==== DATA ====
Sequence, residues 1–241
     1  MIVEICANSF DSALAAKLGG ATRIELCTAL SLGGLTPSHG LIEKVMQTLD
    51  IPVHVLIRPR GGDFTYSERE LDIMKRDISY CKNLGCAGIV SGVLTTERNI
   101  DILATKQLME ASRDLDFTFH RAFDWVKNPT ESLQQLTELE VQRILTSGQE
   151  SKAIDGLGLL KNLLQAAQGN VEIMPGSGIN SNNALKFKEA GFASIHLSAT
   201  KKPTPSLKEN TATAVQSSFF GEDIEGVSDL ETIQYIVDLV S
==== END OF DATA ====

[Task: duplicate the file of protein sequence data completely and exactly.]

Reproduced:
Sequence, residues 1–241
     1  MIVEICANSF DSALAAKLGG ATRIELCTAL SLGGLTPSHG LIEKVMQTLD
    51  IPVHVLIRPR GGDFTYSERE LDIMKRDISY CKNLGCAGIV SGVLTTERNI
   101  DILATKQLME ASRDLDFTFH RAFDWVKNPT ESLQQLTELE VQRILTSGQE
   151  SKAIDGLGLL KNLLQAAQGN VEIMPGSGIN SNNALKFKEA GFASIHLSAT
   201  KKPTPSLKEN TATAVQSSFF GEDIEGVSDL ETIQYIVDLV S